Newspaper begins attack on Florida "shall issue" law
The South Florida Sun-Sentinel has commenced a week-long series of articles attacking Florida's shall-issue CCW law.
As I read the first article: Florida law gives judges the power to take a plea, impose probation (without entering a conviction) and if the person completes that, "withhold conviction." OK, they're not convicted of anything, and eligible for a permit.
So the newspaper hunts up those cases, looks for the worst -- one guy got judges to "withhold conviction" on a manslaughter rap, on possession of ten pounds of pot, and on a CCW charge. The real question is ... why are the judges withholding convictions, if the cases are this bad? The problem is with the judges and the legal system here, and the easy way to ensure these folks don't get licenses is to get the judges to convict.
Jeb Bush is out, we have milktoast in ... so the gun control surge is beginning. As a matter of fact, I am noticing a surge all around the country and in Congress. I wonder why?
Posted by: bill at January 29, 2007 05:49 PM
I used to be a prosecutor in Florida. "Withholding adjudication" on an offense is kind of a weird way to permit someone to plead guilty or no contest to an offense and then have him not be officially convicted of it.
In my office, it was usually reserved only for first-time, non-violent offenders. I don't know what the intent behind the law is, but I always treated it as a means to show a little leniency to folks who may be guilty of an offense, but were not career criminals and for whom a conviction would cause them to lose their job or something similar.
The article is inaccurate in a couple of respects: it claims that folks who have adjudication withheld have no criminal record. This is untrue; they still have a criminal record of that arrest, and of the punishment, available to every law enforcement agency in the state. It will state that adjudication was withheld.
The article also says, "Numerous other states, including South Dakota, Texas and Maryland, likely would not permit Rodriguez to carry a gun given his rap sheet." I don't know about South Dakota or Texas, but Maryland's concealed-carry law is notoriously strict and you have to prove that you've received credible threats. So Rodriguez would likely not be granted a permit in Maryland, even if his record was squeaky-clean.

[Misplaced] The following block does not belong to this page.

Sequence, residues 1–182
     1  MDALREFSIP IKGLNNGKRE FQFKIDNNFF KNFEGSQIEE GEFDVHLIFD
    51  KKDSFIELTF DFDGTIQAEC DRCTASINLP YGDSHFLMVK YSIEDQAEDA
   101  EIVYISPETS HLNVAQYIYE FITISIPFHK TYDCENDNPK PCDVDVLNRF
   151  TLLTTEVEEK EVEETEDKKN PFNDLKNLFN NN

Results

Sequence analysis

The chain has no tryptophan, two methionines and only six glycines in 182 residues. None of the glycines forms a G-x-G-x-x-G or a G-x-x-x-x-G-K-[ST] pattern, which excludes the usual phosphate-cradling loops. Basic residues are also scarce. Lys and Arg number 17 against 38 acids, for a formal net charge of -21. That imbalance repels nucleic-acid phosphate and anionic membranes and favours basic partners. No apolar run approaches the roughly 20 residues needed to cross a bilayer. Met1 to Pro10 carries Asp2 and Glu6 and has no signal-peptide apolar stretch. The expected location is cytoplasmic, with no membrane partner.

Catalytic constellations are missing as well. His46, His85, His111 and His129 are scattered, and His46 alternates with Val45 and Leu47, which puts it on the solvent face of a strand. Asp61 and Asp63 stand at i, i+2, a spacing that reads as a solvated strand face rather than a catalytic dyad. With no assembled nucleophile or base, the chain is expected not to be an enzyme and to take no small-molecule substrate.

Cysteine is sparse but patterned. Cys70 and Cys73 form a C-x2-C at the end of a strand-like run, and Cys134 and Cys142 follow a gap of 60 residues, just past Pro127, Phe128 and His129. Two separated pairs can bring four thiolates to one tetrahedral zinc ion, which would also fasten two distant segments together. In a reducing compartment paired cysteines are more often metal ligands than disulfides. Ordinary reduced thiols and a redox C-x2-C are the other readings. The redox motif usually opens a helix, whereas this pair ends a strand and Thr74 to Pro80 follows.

Regardless, in any bureaucracy, some folks are going to slip through the cracks.
It occurs to me that the concealed-carry law is consistent with notions of due process - that folks who have never been convicted of anything can't be denied a permit.
The other examples listed in the article, are similarly consistent:
Convicted of a misdemeanor crime of violence, such as stalking, assault or battery, against a member of your family? License denied.
Makes sense to me and has a rational connection to the crime committed. Most murders and other violent felonies are committed against family members.
Convicted of a misdemeanor crime of violence against someone outside your family? License approved (so long as three years have passed since the completion of the sentence).
Makes sense to me, too. A misdemeanor "crime of violence" is usually something like a battery or an assault. I know lots of folks who have gotten into street fights through no fault of their own. If you can stay clean for 3 years or more, I don't think you're a threat to society.
Convicted of driving under the influence? License approved.
Makes sense to me. Getting a DUI has no connection to getting a permit.
Convicted of driving under the influence twice within the past three years? License denied.
Makes sense to me, too. I don't want habitual drunkards carrying.
Subjected to a current domestic violence restraining order? License denied.
No brainer. These are granted for a maximum of one year.
Subjected to a prior domestic violence restraining order? License approved.
Also a no-brainer. Any woman can walk into a courthouse and get a DV restraining order. If you had one against you once, and were never convicted of a domestic violence offense, why shouldn't you have the same rights as everyone else?
Have a long rap sheet but no convictions? License approved.
What part of "due process" doesn't this guy understand?
If bad folks are getting concealed-weapon permits because the courts aren't doing their job.
Posted by: King of the Cows at January 30, 2007 08:19 AM